Quezon City has allocated 113.89 hectares of its available land for development of information technology parks and buildings. The robust influx of investors in Quezon City shows that we must expand these areas even further. Our city also has the highest concentration of hospitals in the Philippines, with the biggest bed capacity. We are leveraging this to develop medical tourism.
We further seek to expand the manufacturing base in the city, which at present is rather small. For one, we are looking at becoming a centre of environmental product know-how in the Philippines, by encouraging the influx of producers of such products as solar panels; light- emitting diode or LED lights; construction materials made out of recycled resources; as well as the manufacturing and assembly of electric vehicles.
We expect these industries to generate the jobs, supplier and subcontracting arrangements, and training programmes that will enable economic gains to filter down to our marginalised population.
What is your favourite place in your city and why?
My favourite place in Quezon City is the Quezon Memorial Circle, because of its historical roots and lush greenery. It is a 25-hectare park that contains the shrine of the city’s founder, Manuel L. Quezon, who was also the first president of the Philippine Commonwealth. In the original master plan of the city, it was designed to be the city’s central park, the crux of the city’s extensive parks system.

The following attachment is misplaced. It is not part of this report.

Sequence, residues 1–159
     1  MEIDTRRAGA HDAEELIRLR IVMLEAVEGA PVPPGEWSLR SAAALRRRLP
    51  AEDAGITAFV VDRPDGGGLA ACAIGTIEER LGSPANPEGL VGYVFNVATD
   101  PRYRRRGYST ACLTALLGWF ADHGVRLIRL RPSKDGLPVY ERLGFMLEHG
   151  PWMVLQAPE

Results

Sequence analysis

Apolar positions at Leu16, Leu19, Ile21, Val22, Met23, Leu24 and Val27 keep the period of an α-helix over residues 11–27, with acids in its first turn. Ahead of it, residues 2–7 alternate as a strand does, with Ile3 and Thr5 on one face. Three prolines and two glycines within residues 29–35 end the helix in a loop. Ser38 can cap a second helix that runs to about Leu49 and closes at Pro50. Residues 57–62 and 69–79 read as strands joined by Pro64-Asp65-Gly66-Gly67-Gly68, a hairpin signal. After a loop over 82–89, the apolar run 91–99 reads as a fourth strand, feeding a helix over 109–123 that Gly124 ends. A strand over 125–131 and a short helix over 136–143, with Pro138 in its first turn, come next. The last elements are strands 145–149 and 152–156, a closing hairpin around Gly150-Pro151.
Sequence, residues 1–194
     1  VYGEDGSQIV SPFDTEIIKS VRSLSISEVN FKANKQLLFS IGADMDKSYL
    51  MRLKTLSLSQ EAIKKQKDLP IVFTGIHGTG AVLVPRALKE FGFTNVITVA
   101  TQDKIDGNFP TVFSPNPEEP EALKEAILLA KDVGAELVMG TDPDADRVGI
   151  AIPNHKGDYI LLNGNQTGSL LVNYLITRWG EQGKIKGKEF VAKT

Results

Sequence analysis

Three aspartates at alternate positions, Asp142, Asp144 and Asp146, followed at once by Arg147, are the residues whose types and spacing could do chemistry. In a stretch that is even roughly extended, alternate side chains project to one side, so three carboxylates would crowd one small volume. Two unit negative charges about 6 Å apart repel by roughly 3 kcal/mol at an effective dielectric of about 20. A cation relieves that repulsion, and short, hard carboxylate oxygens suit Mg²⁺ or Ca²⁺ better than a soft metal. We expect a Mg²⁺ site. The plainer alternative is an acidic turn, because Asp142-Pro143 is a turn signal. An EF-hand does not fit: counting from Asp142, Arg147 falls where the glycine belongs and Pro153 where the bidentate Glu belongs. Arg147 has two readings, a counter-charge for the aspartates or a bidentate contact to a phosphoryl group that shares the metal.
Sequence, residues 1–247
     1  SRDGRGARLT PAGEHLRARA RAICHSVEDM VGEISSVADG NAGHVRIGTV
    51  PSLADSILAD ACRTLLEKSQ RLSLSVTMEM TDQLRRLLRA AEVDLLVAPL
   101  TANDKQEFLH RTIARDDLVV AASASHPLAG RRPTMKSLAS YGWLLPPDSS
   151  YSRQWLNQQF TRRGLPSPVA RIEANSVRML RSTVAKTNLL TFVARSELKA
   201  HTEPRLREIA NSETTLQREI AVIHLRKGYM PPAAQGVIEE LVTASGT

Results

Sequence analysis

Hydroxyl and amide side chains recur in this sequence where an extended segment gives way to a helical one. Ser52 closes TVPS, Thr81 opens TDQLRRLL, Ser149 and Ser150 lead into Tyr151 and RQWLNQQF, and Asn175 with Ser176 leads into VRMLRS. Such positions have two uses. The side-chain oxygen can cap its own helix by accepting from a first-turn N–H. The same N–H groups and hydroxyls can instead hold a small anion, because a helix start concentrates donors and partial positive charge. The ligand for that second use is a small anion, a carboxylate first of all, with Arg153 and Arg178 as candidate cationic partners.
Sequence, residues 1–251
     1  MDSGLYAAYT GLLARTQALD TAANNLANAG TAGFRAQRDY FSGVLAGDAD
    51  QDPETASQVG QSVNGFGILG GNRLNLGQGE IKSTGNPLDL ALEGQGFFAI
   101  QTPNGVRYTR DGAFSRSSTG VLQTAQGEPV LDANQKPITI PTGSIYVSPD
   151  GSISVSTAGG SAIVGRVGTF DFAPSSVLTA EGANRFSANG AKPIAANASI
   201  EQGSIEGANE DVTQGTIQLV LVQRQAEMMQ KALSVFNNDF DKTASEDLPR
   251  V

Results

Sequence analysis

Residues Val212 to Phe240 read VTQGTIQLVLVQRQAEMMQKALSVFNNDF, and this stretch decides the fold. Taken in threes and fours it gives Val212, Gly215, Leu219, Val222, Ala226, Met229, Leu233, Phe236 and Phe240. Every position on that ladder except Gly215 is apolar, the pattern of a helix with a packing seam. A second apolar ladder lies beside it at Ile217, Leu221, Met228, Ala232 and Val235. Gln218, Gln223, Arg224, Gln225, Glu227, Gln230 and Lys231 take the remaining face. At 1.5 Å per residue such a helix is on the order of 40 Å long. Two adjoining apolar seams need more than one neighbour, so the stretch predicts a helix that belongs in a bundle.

Urban Solutions is aimed at mayors, urban experts and practitioners. If there is one message you can give to the leaders of the cities around the world, what would it be?
The most resilient foundations for growth for any city would be economic sustainability and its ability to prepare well for disasters. That is why these two are the key anchors of Quezon City’s development.
NAME: His Excellency Herbert Constantine M. Bautista
DESIGNATION: Mayor of Quezon City
PERIOD IN OFFICE: 2010 – present
- Spearheaded a Green Building Ordinance with incentives for site conservation; sustainable water, energy and material use; and good indoor environmental quality. Building work permits now require green building certification.
- Implemented ordinances regulating the use of plastic bags, to reduce plastic waste in the city’s waterways and drainage systems, amounting to 719 cubic metres daily.
- Initiated the conversion of streetlights to more energy-efficient LED lighting, as part of the World Bank’s Carbon Finance Capacity Building Program.
Urban Solutions is an international magazine published by the Centre for Liveable Cities Singapore targeting mayors and related urban experts and practitioners.